Bestselling author and successful entrepreneur Emily Schuman of Cupcakes and Cashmere on building a thriving business.
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Some months ago I published a post about commonly misused words. Several hundred thousand people read it, so it was reasonably popular, but as with most posts, in time the views slowed.
Then one day, seemingly out of nowhere, tens of thousands of people read it.
I did a little digging and learned that all those readers came from one small link in a post called “Links I Love” on the fashion, food, and lifestyle inspiration blog Cupcakes and Cashmere. That’s far and away the most readers an external link has generated for one of my posts, including tweets from people with millions of Twitter followers.
So I did a little more digging and learned that Emily Schuman has done what countless other people have not been able to do: start a blog, create outstanding content with a unique voice and an authentic point of view, build a large and vibrant community, and turn that blog into a successful business. She’s partnered with retail brands, written a bestselling book, Cupcakes and Cashmere: A Guide for Defining Your Style, Reinventing Your Space, and Entertaining with Ease, will release her second book, Cupcakes and Cashmere at Home, this May, and later this summer will launch a line of products.
So I asked Emily how she did–and does–it.
Tell me where the idea came from, what you were doing at the time, what your hopes were.
I started my blog in 2008 as a purely creative endeavor. I was working in online ad sales at the time, which was a good job, but didn’t provide any sort of outlet for creativity or cover any of my passions, which are fashion, food, beauty and home decor.
I didn’t have any specific goals or ambitions, other than to document ideas and create simple content that I enjoyed and perhaps a handful of others would appreciate. Over the first six months I noticed a slight increase in traffic, which led me to think I might be able to earn a little extra income to supplement my normal salary.
Early on, what challenges did you face and what mistakes did you make?
One of the biggest challenges I faced early on was trying to do everything by myself, rather than delegating or working with other skilled people. I’m not tech savvy, so when my site would crash or I wanted to add a new feature I would spend hours looking up tutorials and sloppily coding pieces into the backend of my site… which would often make things worse.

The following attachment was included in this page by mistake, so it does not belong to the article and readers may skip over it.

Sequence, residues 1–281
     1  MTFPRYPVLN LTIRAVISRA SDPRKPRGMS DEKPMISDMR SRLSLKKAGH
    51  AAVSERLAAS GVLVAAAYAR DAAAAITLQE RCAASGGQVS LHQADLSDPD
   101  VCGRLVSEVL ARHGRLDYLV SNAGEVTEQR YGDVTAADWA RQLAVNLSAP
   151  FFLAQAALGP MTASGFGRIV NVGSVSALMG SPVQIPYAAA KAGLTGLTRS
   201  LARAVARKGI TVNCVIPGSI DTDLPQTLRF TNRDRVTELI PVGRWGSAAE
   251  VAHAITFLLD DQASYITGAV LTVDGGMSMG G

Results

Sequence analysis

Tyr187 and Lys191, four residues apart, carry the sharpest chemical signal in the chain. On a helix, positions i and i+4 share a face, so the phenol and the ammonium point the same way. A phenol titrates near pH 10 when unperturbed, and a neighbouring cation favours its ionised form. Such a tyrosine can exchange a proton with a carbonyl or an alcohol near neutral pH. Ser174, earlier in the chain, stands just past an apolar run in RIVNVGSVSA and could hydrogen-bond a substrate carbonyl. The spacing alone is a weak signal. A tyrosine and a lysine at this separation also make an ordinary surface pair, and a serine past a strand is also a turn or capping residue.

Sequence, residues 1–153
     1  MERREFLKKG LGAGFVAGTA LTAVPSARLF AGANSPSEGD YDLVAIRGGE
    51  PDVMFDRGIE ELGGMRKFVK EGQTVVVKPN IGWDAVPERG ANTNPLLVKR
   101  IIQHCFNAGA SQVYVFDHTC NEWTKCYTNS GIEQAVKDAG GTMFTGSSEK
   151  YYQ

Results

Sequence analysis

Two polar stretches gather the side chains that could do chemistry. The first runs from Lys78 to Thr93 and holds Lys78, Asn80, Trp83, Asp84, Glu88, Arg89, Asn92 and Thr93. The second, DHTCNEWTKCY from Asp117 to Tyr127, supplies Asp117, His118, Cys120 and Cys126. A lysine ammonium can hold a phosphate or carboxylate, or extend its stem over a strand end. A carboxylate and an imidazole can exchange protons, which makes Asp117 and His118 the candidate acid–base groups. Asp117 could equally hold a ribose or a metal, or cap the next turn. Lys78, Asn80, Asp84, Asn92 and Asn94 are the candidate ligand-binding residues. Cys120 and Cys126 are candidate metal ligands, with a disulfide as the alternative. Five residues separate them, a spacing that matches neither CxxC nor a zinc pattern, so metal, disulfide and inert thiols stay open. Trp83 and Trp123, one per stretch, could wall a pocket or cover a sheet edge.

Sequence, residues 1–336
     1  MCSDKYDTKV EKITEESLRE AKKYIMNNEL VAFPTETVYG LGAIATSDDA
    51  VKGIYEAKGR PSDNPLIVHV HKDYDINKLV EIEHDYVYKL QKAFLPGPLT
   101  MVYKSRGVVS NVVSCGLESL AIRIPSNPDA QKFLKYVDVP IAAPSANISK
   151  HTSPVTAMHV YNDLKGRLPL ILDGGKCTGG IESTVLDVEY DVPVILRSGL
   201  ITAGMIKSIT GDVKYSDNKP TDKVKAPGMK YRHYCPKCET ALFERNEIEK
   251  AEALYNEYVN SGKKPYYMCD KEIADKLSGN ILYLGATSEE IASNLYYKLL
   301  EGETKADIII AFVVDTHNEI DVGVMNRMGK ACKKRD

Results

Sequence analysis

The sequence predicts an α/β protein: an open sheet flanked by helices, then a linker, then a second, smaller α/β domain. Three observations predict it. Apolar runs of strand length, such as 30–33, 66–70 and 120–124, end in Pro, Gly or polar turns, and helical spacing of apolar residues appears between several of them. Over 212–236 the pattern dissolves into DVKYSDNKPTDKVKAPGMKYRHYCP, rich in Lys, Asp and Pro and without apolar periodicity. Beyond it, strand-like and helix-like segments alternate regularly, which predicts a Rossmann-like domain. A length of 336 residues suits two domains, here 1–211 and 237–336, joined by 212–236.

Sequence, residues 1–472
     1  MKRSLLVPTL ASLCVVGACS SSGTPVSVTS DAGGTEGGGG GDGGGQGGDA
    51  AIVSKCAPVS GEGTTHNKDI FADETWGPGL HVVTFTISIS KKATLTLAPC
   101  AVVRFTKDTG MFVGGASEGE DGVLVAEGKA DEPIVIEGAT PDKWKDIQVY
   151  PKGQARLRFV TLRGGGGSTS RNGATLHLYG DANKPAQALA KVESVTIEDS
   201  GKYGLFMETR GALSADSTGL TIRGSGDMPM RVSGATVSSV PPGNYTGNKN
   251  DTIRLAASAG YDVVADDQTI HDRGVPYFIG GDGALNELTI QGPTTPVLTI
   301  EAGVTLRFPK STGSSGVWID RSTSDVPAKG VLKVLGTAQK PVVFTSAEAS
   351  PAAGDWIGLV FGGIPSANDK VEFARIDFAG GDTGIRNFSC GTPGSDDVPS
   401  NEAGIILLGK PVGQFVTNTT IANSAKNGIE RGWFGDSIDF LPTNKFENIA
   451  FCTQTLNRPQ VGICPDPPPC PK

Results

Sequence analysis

I eventually turned to people (specifically my then boyfriend, now husband) to help find support for the growing site. Thankfully he worked in the digital media space and called in a few favors, but I definitely learned you can’t build or run a successful enterprise singlehandedly.
How did you differentiate yourself in such crowded space?
One advantage I have is longevity. I started my site when blogging (specifically fashion/lifestyle) was still a nascent area of media, so the fact that I’ve been doing it for over seven years has provided a little bit of legitimacy. I’ve also evolved over time, so rather than focusing on the same content I’ve tried to diversify and expand on the categories I cover.
A lot of the readers have grown up with me, so there is a very personal connection we share and they relate to a lot of the experiences I’ve showcased (like getting married, buying a home, having a baby) that provide a more authentic experience than simply sharing pretty photographs.
Lastly, consistency is key. I haven’t missed a post in seven years, so readers know there will be something new each morning… and I’ve heard from a lot of them that they love starting their day with a cup of coffee and reading the latest post.
Tell me about your overall theme, “aspirational meets attainable.” Intuitively I get it, but I would think striking that balance is tough.
This has been the core idea of the site since day one primarily because I wasn’t making a lot of money–so my goal was to create a lifestyle that felt elevated without draining my bank account. (A lot of this stemmed from my experience at Teen Vogue where I was exposed to a mix of amazing designers and media that was semi-relatable but simply out of reach.)